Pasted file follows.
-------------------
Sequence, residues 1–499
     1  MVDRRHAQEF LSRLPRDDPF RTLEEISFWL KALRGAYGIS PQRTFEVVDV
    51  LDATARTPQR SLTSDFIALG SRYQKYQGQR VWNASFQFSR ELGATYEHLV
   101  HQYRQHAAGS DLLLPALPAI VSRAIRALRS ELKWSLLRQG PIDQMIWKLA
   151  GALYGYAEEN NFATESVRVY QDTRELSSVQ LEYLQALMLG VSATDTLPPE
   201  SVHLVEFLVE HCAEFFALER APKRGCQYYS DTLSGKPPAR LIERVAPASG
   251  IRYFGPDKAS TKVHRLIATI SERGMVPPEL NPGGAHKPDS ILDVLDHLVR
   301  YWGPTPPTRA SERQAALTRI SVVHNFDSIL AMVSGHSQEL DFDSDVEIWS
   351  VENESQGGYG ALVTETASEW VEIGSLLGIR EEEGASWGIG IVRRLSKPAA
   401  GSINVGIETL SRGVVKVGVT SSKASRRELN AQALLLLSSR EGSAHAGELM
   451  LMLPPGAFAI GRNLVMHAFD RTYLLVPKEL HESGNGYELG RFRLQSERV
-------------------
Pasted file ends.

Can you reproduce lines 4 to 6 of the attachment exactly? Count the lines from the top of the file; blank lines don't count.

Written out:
   101  HQYRQHAAGS DLLLPALPAI VSRAIRALRS ELKWSLLRQG PIDQMIWKLA
   151  GALYGYAEEN NFATESVRVY QDTRELSSVQ LEYLQALMLG VSATDTLPPE
   201  SVHLVEFLVE HCAEFFALER APKRGCQYYS DTLSGKPPAR LIERVAPASG